- But the most troubling issue when relying upon the audit journal for HA/DR is that replication cannot take place until all the pieces are matched. Traditional HA/DR replication software must wait for the detective to locate the new object before it can begin to record the Data Activity occurring within the object due to be replicated. The Data Activity Journal is then sent to the backup server. However if the user has the current object open and therefore locked, the Data Activity is essentially left homeless and the backup is incomplete. As well as placing strain on the primary system this locking of the document means that should a disaster occur while the user has the document open, although the Data Activity is being logged, the homeless Data Activity will not be backed up until the document is closed – rendering the expensive backup solution effectively redundant until that point. This third piece of information would have been invaluable to have known during my Master’s thesis because my colleagues and I frequently left our work open on our office computers overnight, believing that the backup software would keep them safe. Unfortunately an earthquake in our city caused a city-wide power cut and our primary machines corrupted the files. The consequence of this was that we lost approximately 130,000 words between us and close to 3 days of work with our final deadlines looming.
Does Maxava use the Audit Journal for High Availability/Disaster Recovery?
At Maxava we chose NOT to use the Audit Journal as the basis for our software because we found that relying on it in the way described above creates a sub-optimal process.
Reliance upon the Audit Journal requires significant system resources on the production machine. The organization has the choice of either settling for slower processing speeds, or purchasing hardware add-ons to manage the load. With Maxava HA neither is unnecessary. Maxava believes that it is unacceptable for a backup software solution to have a large footprint which places strain on your system, so designed a product specifically to utilize the processing on your backup machine and leave your production machine relatively free for use.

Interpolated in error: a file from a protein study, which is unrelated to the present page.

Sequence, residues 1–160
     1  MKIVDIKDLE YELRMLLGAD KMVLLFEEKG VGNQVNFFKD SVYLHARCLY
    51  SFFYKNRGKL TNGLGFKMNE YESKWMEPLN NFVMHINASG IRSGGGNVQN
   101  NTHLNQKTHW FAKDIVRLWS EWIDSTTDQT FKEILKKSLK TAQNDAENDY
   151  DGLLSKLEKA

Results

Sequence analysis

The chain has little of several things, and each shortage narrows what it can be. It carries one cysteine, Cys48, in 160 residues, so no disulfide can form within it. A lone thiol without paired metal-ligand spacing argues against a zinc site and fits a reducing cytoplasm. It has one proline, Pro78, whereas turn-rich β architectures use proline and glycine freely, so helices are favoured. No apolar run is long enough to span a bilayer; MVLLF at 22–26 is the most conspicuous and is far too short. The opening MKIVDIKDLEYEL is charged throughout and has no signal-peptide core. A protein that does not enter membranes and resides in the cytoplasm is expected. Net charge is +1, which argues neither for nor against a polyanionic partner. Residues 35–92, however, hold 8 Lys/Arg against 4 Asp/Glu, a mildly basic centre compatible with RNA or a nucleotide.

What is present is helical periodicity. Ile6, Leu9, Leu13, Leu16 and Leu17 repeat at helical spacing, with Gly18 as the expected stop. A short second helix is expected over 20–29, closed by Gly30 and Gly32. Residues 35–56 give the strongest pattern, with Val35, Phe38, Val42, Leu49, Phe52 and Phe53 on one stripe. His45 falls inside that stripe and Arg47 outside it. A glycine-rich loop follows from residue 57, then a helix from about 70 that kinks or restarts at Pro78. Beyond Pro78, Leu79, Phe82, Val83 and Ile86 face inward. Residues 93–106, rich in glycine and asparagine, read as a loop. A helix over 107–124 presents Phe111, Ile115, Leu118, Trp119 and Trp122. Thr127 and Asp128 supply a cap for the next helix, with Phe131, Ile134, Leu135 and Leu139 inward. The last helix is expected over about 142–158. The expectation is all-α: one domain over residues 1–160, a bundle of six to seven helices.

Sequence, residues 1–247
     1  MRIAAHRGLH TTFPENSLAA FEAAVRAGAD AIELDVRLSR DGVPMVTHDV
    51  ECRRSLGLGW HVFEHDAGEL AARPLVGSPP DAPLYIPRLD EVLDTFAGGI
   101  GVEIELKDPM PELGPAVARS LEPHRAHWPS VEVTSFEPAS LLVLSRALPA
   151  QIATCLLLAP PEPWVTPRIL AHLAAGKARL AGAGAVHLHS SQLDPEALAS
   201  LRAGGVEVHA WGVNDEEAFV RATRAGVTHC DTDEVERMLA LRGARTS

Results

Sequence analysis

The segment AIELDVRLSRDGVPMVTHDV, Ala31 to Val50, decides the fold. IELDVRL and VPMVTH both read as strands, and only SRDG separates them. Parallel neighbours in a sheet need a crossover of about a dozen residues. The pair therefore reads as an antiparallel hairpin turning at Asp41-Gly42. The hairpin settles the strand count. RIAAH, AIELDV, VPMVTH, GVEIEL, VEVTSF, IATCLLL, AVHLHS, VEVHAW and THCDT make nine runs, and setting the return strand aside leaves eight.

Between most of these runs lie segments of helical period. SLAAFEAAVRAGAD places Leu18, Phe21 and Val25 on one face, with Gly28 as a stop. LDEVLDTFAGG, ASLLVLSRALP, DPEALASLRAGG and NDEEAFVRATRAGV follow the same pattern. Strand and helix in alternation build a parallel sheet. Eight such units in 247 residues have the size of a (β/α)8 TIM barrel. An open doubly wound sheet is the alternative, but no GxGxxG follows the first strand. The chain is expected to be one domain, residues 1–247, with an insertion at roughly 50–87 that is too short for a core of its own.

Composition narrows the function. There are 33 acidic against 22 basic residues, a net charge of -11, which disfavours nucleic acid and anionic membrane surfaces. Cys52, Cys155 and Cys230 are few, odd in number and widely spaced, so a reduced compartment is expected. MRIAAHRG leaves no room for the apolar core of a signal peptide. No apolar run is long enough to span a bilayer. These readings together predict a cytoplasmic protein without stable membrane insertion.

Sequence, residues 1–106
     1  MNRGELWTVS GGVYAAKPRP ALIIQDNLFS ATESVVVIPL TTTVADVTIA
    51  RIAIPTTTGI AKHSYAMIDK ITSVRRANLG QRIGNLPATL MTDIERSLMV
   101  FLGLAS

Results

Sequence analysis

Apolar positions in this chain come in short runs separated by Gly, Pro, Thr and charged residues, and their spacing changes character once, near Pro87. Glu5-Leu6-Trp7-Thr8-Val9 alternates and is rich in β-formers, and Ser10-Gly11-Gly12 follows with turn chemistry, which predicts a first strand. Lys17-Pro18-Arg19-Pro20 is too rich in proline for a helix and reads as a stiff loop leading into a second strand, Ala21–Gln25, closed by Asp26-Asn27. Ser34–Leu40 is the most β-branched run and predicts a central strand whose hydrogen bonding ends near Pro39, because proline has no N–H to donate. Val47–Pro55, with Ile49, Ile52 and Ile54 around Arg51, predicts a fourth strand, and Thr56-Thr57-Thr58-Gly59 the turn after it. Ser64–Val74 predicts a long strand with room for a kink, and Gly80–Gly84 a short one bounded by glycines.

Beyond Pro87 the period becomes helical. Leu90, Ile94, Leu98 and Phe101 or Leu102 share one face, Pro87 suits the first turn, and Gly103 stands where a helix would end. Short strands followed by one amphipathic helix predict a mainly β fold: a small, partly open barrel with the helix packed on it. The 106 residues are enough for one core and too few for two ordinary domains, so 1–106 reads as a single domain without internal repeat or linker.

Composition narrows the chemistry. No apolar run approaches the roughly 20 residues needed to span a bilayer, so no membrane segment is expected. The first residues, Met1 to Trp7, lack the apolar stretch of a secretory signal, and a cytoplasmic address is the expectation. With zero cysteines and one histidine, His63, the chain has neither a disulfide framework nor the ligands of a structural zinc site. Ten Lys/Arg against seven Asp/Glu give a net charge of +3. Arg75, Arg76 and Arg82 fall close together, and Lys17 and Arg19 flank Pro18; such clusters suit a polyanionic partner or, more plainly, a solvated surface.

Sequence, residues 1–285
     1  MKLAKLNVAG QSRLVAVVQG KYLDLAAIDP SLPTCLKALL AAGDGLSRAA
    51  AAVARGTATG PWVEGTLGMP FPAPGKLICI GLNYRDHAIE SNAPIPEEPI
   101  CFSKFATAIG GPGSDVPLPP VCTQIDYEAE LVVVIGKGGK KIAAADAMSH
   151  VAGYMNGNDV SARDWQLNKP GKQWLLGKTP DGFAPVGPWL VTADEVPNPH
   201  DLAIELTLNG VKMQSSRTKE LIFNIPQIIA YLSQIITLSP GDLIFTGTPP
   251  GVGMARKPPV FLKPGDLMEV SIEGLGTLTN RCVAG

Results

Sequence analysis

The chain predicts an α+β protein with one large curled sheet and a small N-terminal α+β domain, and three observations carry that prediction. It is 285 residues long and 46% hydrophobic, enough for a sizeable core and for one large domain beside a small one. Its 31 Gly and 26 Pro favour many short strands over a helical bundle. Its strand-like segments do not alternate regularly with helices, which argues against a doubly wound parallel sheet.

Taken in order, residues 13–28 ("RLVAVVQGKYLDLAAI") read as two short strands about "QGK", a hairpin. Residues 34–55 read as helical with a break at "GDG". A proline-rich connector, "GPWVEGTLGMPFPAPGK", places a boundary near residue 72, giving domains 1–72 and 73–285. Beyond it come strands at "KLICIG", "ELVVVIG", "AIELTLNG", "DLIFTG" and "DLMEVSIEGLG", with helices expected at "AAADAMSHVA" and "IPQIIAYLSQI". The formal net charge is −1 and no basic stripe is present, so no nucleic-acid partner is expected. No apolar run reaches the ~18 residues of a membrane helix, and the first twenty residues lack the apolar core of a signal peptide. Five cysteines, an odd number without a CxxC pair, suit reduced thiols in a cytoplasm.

Despite the additional strain that traditional HA/DR places upon your system, there is not only a lack of significant advantage but worryingly, it may leave your organization at risk of data loss due to the delayed nature of Audit Journal reliant solutions. At Maxava we did not feel comfortable with offering our customers a product which compromised safety, leaving them vulnerable due to a flaw in program architecture.
So what does Maxava do instead?
Maxava has minimized the strain on customers’ production machines, and has innovatively created a product that offers real-time data replication on the IBM i platform. To find out more about it and why the ‘command system intercept’ is such a big leap forward in the HA/DR world, look out for Part 2 next week.
Hugh is a recent graduate of the University of Canterbury and holds a Masters degree in Commerce as well as undergraduate degrees in International Business, Marketing, Strategy and Entrepreneurship and a degree in Performance Violin. Outside of his studies Hugh has won both national business and sporting competitions while running his own start up companies. For more information on Hugh, please check out his LinkedIn.